MILF official to ASEAN: Help minorities, indigenous peoples

Muhammad Ameen, MILF central committee secretariat chair, said the member states could help each other extend the fruits of progress and the "blessings of egalitarianism" to the less fortunate members of the international community.

The 10-member Asean is holding a weeklong summit in Cebu which opened Saturday. The members of the regional bloc are Brunei, Cambodia, Indonesia, Laos, Malaysia, Myanmar (Burma), Philippines, Singapore, Thailand, and Vietnam.

Malaysia is the facilitator and venue of the peace negotiations between the government and the MILF.

Ameen issued the statement as the MILF hailed the Cebu summit as "a very historic occasion for members of ASEAN to show their solidarity in the face of growing global challenges of economic depression, wars, and terrorism".

"In a very modest way, the MILF wants to be counted as one who wishes humanity to live in a peaceful and just global society," he said.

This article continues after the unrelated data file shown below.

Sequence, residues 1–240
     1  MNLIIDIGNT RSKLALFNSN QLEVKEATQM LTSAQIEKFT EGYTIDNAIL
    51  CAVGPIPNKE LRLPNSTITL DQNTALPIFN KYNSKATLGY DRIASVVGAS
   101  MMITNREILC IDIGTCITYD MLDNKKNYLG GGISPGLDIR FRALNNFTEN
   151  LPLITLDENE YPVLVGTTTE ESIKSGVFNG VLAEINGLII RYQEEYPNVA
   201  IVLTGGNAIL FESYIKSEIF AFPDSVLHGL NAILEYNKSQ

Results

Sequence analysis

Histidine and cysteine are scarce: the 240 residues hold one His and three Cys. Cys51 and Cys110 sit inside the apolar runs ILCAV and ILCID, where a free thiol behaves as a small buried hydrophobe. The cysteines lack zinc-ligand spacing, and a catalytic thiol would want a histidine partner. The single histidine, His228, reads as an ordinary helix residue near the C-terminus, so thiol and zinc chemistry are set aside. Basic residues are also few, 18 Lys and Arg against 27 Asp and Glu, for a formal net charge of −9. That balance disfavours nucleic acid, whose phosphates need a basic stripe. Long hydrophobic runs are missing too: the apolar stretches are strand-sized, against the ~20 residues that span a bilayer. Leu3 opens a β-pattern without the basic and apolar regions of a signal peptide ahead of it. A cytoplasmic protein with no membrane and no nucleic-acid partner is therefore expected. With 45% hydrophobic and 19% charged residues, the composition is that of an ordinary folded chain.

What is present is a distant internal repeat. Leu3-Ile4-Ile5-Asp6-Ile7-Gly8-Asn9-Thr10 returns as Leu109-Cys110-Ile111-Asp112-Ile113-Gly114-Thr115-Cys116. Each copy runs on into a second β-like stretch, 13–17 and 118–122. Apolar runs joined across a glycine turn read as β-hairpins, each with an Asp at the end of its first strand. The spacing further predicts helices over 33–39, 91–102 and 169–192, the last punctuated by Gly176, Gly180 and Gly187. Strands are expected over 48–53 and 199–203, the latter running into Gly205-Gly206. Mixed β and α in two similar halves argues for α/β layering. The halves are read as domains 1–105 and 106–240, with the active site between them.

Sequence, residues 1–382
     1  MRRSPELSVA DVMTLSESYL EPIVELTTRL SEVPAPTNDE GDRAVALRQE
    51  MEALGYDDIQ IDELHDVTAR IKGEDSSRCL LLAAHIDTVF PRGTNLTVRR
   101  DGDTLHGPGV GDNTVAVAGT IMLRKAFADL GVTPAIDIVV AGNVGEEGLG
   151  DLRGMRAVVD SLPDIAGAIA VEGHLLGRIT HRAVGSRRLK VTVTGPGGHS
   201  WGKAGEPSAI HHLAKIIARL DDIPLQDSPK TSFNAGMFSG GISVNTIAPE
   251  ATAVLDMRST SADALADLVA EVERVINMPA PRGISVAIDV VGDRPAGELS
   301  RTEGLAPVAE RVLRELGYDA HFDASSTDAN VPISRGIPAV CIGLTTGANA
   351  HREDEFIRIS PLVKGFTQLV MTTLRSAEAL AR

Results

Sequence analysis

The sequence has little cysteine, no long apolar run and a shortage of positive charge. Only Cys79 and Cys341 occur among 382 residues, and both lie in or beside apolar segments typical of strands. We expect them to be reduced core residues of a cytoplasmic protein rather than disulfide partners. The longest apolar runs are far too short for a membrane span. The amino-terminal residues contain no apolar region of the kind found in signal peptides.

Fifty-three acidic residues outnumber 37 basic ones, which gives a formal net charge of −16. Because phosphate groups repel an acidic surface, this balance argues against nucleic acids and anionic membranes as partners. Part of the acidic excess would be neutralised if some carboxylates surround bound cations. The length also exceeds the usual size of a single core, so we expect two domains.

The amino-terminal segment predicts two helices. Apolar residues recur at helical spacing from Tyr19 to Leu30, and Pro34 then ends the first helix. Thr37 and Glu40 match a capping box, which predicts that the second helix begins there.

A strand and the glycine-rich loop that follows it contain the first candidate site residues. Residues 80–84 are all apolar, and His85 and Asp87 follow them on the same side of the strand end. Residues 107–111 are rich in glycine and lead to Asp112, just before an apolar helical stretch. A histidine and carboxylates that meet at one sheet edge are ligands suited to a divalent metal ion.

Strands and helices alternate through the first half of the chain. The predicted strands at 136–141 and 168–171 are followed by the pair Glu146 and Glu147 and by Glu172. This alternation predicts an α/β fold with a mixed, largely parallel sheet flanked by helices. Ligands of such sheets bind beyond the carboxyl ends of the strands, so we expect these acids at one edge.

Leaders of the member countries signed Saturday the Asean Convention on Counterterrorism, the first region-wide anti-terrorism agreement.

The accord allows for easier prosecution and extradition of terror suspects in the region.

Binding to all member-states, the agreement calls on the nations to improve regional cooperation to prevent attacks and to rapidly share intelligence and relay terror warnings among member countries. It also requires the  passing of a national law on counter-terrorism, which human rights and militant organizations in the country said would be used to clamp down on dissent.

The signing of the anti-terror pact followed a spate of bombings that rocked the cities of General Santos, Cotabato and Kidapawan on the eve of the summit.

The National Democratic Front-Southern Mindanao accused the military of orchestrating the bombings "to justify the passage of an anti-terrorism bill and a counterpart pact by the ASEAN (Association of Southeast Asian Nations) members (who are holding a summit) in Cebu."

An agreement on the protection of the rights of millions of migrant workers within the region was scheduled to be signed Sunday.

The Asean leaders are also expected to sign the draft of a regional charter aimed at turning the bloc into a European Union-style entity.

They will also meet with the leaders of Australia, China, India, Japan, New Zealand and South Korea and other dialogue partners.

Organizers blamed an approaching typhoon for last month's postponement of the summit, although it came amid warnings of terror attacks.

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